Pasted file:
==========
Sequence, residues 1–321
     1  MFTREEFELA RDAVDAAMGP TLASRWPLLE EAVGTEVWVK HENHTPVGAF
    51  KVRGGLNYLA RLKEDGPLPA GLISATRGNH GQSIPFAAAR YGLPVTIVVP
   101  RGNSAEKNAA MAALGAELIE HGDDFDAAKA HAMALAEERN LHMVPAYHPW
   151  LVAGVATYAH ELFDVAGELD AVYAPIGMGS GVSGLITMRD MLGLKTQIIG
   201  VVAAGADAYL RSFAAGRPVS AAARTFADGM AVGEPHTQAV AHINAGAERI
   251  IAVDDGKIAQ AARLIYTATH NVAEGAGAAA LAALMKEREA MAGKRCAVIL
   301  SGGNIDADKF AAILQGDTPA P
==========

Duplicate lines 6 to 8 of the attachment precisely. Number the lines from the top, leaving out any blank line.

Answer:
   201  VVAAGADAYL RSFAAGRPVS AAARTFADGM AVGEPHTQAV AHINAGAERI
   251  IAVDDGKIAQ AARLIYTATH NVAEGAGAAA LAALMKEREA MAGKRCAVIL
   301  SGGNIDADKF AAILQGDTPA P